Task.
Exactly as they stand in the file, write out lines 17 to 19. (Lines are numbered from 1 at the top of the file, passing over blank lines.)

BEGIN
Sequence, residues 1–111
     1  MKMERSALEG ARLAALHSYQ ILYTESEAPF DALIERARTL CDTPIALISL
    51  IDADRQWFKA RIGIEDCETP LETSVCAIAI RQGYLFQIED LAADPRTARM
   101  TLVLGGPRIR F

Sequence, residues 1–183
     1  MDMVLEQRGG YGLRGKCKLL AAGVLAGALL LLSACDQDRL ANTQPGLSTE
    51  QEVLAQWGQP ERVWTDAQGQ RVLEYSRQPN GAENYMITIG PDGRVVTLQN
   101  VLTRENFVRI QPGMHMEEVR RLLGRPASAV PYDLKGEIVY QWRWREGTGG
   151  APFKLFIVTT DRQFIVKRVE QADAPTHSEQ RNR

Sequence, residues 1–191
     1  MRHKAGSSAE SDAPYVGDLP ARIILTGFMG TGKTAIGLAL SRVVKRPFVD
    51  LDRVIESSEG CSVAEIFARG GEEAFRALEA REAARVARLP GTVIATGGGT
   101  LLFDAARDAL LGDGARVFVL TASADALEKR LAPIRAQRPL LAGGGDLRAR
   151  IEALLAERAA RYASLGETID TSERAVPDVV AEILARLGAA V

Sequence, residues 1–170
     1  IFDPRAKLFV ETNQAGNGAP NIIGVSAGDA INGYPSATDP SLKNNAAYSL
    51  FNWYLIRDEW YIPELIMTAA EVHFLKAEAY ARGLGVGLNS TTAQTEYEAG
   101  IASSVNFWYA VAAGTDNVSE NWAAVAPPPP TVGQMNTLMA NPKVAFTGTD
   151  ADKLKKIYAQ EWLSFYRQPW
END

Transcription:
    51  FNWYLIRDEW YIPELIMTAA EVHFLKAEAY ARGLGVGLNS TTAQTEYEAG
   101  IASSVNFWYA VAAGTDNVSE NWAAVAPPPP TVGQMNTLMA NPKVAFTGTD
   151  ADKLKKIYAQ EWLSFYRQPW